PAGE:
Delaware has made a lot of progress. The insurance commissioner [in 2016] issued a bulletin that forbids blanket transgender exclusions — but some of those policies only impact certain forms of health insurance. But typically what can happen is the employer can very easily negotiate with the insurance provider to ensure that they do not include the blanket ban. Even if you’re an employer who’s insurance plan is governed by the bulletin by the Delaware insurance commissioner, you can take the next step of actually proactively affirmatively stating in the insurance in your annual negotiation that the insurance covers transition related care.
Let’s move from hiring to the workplace itself. Now that they’ve hired gender-diverse employees, how can an employer make sure it’s equitable day to day?
A lot of what we’ve talked about are some of the building blocks of building an inclusive workplace policy. The other components are making sure that there are regular diversity, equity and inclusion training that include all forms of gender bias training, all forms of LGBTQ bias training, to ensure that people are being proactively educated. Those types of programmatic steps are critical in building safe and affirming workplaces.
Similarly, making sure that the outward face of the entity, whether it’s a small business, a medium-sized business or a large business, reflects the diversity of not just the workplace but also the customer base they seek — the subtle pieces of building an inclusive workplace, and an inclusive business, and of frankly just getting a competitive edge of saying to that diverse client or customer base, “We look like you and we can serve people like you.”
Oftentimes people think that if they just put in the policies and practices everything will be OK. It’s important to recognize that this is an ongoing conversation, that no workplace is immune from prejudice or biases, because they exist in the broader world around us. Recognize that even small jokes or seemingly little comments can create a hostile work environment for a person of a different background or identity.
So recognizing the importance of the big programmatic and policy changes, but also the day-to-day quality of life, what kind of environment are you creating, what kind of model are you setting, and what will you tolerate? A lot of times, [employees] avoid speaking out against the jokes or comments that may unintentionally diminish the dignity of a coworker, but those are the types of comments and experiences that can lay the foundation for more tangible discrimination to occur.
There seems to be a big gap there in human resources sometimes. We’ve heard women of color speak about how if you file a complaint to HR about racial comments, they are often disregarded because they say there has to be proof of malicious intent. I imagine it’s no different with people of marginalized genders.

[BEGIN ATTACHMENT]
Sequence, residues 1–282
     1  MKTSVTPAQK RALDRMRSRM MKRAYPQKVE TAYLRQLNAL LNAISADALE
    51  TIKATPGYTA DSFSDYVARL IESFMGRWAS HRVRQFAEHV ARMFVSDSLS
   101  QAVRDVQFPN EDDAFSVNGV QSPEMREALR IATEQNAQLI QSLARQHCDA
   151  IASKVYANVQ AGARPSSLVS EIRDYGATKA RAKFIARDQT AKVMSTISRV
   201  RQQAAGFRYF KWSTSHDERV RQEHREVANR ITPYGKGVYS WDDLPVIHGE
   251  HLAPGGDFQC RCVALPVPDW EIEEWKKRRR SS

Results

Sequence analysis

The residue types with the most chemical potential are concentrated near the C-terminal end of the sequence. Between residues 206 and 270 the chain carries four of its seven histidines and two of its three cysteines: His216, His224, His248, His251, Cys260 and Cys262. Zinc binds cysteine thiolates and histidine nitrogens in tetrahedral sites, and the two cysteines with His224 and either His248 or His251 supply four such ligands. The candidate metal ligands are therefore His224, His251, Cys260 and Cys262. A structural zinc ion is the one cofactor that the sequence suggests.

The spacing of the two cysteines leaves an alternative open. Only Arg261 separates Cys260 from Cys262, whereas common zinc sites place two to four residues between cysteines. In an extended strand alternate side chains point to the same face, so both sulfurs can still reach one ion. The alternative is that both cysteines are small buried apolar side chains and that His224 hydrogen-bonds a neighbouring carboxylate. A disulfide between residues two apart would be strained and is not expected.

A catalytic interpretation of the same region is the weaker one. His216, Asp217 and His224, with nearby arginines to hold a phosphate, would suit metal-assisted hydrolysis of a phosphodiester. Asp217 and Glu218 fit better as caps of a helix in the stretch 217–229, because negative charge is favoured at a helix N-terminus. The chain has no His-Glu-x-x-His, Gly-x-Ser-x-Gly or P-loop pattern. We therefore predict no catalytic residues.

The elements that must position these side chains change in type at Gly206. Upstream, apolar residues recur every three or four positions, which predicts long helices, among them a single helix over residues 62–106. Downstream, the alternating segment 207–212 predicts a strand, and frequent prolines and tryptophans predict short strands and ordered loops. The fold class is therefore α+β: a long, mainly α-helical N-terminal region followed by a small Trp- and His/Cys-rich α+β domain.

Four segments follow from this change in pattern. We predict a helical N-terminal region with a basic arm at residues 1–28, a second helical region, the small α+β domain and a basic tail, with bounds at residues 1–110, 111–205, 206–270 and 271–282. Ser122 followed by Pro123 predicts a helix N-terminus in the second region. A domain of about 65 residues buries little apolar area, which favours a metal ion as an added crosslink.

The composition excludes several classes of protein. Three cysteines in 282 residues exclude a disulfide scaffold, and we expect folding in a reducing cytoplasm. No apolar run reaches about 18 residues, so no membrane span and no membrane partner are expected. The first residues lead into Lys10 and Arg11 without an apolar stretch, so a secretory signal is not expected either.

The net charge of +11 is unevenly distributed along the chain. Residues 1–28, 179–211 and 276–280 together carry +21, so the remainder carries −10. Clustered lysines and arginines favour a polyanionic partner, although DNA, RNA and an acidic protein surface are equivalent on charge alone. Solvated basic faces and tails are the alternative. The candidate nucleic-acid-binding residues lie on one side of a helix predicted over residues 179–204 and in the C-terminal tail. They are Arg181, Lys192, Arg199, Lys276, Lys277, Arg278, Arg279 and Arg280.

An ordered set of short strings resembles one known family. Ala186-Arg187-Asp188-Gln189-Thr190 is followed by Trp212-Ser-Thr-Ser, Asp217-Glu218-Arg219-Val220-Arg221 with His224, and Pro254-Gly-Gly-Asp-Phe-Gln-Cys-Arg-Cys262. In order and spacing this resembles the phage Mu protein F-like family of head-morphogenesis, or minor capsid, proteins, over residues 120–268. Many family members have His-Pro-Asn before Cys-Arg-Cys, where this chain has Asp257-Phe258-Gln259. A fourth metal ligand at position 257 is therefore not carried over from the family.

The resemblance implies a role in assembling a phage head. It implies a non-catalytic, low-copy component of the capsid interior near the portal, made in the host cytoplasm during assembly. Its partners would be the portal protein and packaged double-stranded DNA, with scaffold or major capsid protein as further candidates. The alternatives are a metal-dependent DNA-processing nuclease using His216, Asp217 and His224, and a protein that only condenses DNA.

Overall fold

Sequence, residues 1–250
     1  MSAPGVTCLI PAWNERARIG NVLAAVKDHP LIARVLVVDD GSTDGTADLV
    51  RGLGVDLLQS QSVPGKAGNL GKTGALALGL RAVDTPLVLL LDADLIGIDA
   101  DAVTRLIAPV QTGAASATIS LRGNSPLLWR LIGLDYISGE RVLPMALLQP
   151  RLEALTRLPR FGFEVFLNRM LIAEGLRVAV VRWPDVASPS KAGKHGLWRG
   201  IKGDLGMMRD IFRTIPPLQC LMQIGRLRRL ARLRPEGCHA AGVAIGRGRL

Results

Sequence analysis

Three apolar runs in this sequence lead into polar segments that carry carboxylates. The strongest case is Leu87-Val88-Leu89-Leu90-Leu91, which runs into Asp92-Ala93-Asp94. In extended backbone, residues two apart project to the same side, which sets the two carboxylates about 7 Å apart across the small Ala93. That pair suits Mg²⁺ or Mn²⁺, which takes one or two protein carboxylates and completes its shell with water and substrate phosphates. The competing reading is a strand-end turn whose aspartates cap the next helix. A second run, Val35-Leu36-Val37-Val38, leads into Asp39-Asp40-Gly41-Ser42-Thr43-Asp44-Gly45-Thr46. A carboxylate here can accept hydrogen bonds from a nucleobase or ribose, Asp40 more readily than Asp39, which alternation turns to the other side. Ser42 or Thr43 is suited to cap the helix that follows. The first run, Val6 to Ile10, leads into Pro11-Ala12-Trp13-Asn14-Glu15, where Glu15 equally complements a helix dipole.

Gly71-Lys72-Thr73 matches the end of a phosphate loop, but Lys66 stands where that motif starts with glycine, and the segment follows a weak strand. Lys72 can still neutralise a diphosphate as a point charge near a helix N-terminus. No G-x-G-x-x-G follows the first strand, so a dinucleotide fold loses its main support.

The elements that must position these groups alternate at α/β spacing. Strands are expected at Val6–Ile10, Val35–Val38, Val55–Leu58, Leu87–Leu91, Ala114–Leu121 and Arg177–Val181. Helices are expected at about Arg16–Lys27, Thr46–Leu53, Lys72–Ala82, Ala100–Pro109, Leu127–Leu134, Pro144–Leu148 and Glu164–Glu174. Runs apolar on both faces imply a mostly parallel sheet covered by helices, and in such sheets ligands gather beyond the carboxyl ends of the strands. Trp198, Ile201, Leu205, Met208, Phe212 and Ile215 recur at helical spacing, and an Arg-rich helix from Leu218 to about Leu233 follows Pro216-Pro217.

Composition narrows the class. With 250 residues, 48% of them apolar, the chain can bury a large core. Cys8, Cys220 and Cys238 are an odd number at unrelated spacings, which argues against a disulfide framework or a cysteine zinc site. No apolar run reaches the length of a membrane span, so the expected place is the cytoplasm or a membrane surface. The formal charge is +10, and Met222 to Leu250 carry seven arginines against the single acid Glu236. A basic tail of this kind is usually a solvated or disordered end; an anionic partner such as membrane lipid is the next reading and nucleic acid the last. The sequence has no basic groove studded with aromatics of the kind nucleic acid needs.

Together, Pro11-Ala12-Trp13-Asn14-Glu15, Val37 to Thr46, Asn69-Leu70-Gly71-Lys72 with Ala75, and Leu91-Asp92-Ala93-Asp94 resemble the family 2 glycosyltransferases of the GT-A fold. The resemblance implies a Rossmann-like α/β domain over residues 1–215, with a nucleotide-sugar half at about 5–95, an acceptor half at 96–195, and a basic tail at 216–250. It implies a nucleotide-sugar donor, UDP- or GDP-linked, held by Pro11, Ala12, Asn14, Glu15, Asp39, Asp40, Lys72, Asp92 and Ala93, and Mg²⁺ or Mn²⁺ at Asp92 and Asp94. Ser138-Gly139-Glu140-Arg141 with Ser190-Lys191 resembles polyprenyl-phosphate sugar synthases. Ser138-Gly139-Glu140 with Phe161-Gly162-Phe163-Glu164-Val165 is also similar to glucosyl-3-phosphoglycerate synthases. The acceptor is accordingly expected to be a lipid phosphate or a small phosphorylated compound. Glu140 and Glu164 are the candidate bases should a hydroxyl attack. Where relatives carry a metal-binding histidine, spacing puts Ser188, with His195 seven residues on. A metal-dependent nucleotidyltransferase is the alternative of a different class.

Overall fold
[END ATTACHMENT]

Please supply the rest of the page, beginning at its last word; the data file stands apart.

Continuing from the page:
Definitely. What’s critical for HR departments to know is that intention doesn’t mitigate harm. That they have a responsibility to ensure that they combat any kind of behavior that makes an employee unsafe or unwelcome, and in many cases, that’s behavior that may be unintentional. A lot of people, particularly as we talk about the realization of the fuller diversity of our workplaces, there are going to be people who just aren’t aware, who don’t know what they don’t know. Which, again, goes to the importance of proactive training, right? To make sure that we’re educating our workforce so that we can diminish the mistakes and the harms by folks who don’t realize what they’re doing.
The reality is that unsafe workplaces are frequently created not by intentional malice but by ignorance. And we have to be comfortable as a society to step in when someone’s hurting someone else and be able to deliver the constructive feedback so that the person can course correct. And when they’ve been given the opportunity to course correct, they either course correct or, if they continue to do it after having been educated, that reveals intentionality and malice.
Another critical component of building workplaces that are inclusive of all women or people of every gender background is to recognize that gender exists within a multitude of different identities. Every employee wants to be able to bring their whole selves to work, and that includes their identities, not just around gender but around race and religion and family structure and life experience. All of these issues are inextricably linked with one another. You can’t build a workplace that’s safe for all women, or all LGBTQ people or all people of color without building a safe workplace for all of them.